Christian Peacemaker Teams (CPT) in Iraq recently met with members of the Yezidi Academic & Cultural Association and the Yezedi Political Movement for Reform and Progress. The Yezidis are very concerned because they feel they are being forced to assimilate into Kurdish culture and identity. They experience injustice in very specific ways, from elections tampering, to threats, to constitutional questions. They fear that their rights as a separate culture and ethnicity will disappear in the new Iraq.
The following is a summary of their experience and concerns, as told to CPT.
The Yezidi community is indigenous to Iraq, with religious practice dating back to the Sumerian period in Mesopotamia, circa 2000 BCE. They are a unique ethnic group, with a religion, language, and culture distinct from the Arab and Kurdish cultures among whom they live. According to Islamic belief, they are classified among the “unbelievers,” and have been attacked by religious extremists at different times in their history. In 1700 CE, Yezidis numbered more than one million, but today there are only about 650,000 Yezidis in Iraq, 90% of whom live in Kurdish-controlled Northern Iraq near the city of Mosul.
Under the pro-Arab Saddam regime, Yezidi towns and villages suffered from repression and neglect. Often they lacked basic services such as water, electricity, healthcare and education. As a result, they found themselves in a severe state of poverty and illiteracy. In addition, Saddam’s regime required the Yezidis to register themselves as Arab in ethnicity. They resisted this classification, wanting to maintain their unique cultural identity.
After the 2003 invasion, the Yezidis placed high hopes in the creation of the new Iraq, and fought successfully for their inclusion among the cultural and religious groups protected by section 1, article #2 of the new constitution. They dreamed of sharing in the freedom and democracy of the new Iraq.
However, they report that they are experiencing similar repression and forced assimilation, this time under the power of the Kurdish political system. Some of the incidents they report include:
- Kurdish authorities forcing Yezidis to register as Kurdish.
- Peshmerga troops control Yezidi areas near Mosul.
- Yezidi political leaders receive threats, and one was assassinated in the spring of 2005.
- Two competing Kurdish political parties are preventing development projects in Yezidi areas. Apparently $12 million was approved for projects in Yezidi areas in Sinjar, but a political leader in Mosul intervened and blocked the projects from moving forward.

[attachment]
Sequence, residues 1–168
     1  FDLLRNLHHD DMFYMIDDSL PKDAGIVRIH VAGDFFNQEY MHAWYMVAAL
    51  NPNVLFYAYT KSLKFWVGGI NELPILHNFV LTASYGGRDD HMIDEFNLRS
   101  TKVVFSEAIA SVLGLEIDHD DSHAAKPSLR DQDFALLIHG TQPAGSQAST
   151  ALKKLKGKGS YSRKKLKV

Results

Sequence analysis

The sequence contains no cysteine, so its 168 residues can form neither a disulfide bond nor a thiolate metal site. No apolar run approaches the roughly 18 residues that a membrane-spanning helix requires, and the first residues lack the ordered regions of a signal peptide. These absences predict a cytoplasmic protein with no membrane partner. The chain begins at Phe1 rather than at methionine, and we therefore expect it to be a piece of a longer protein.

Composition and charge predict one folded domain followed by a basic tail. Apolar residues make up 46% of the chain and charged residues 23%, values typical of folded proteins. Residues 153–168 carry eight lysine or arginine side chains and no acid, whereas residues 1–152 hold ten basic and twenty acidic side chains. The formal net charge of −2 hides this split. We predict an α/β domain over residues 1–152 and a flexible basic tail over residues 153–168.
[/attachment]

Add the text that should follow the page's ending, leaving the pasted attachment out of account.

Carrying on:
- The Yezidi representatives specifically accuse Kurdish government officials of diverting funds slated for the Yezidi town of Sinjar (pop. 20,000) to a smaller Kurdish village (pop. 1,000). The Yezidi representatives reported that the government funds wells to be drilled in Muslim villages, but does not drill wells in higher-populated Yezidi areas. In addition, Yezidi areas suffer from a lack of schools. In the village of Al Jazeera (pop. 25,000) there are only two elementary schools and six teachers for 1,000 students. Students must go to school in three different shifts. There is no secondary school.
During the elections in January 2005, Yezidi villages experienced interference and injustice. Yezidi representatives reported that some Yezidi villages received no ballots. Other villages that received ballots did not receive the boxes in which to place the ballots. In other areas, the promised buses for voter transportation failed to appear. In one place, the polls opened from 11AM to 2PM only. In other places, ballot boxes were found stuffed before voting even started. Yezidi leaders submitted claims concerning these incidents to a UN representative, Kurdish leaders, the Iraqi president, and the independent electoral commission in Iraq.
Yezidis are mentioned as one of the minority religious groups protected by section 1, article #2 of the new constitution. However, the Yezidi representatives report that the name “Yezidi” is misspelled in its Arabic form. It is misspelled in such a way that it is identical to the name of an Islamic tribe that exists in Yemen. The Yezidi representatives feel that this is a deliberate attempt, by political leaders, to blur the ethnic and religious lines between Arab and Yezidi and Islamic and Yezidi. They fear assimilation, and demand recognition as a separate ethnicity, neither Arab nor Kurdish. In addition, they request the right to have a quota established of independent Yezidi representatives (i.e. not from Kurdish political parties) to ensure that Yezidis are represented in the new Iraqi Council of Representatives.
As the October 15th deadline for approval of the new constitution approaches, Yezidi cultural and political groups are reaching out to the international community. They request that the international community put pressure on the Iraqi government to:
- Allow Yezidis to identify themselves as Yezidi in ethnicity, not as Arab or Kurdish.
- Recognize Yezidis’ political and religious rights by protecting these rights in the constitution (with their name spelled, in Arabic, as they would choose to spell it): الديانة الإيزيدية
- Establish a quota of independent Yezidi representatives (i.e. not from Kurdish political parties), so that there will always be Yezidi representation in the Iraqi Council of Representatives (Iraqi Parliament).
For more information or to establish contact with the Yezidi community in Iraq, please contact:
Mr. Ali Rasho, Yezidis Academic and Cultural Association, IRAQ (firstname.lastname@example.org -- English speaker))
Mr. Waad Mattw of Yezidis Political Movement for Reform and Progress, IRAQ (email@example.com -- Arabic and Yezidi speaking only)
Mr. Mirza Ismail, London Yezidis Community Center, CANADA (firstname.lastname@example.org – English speaking)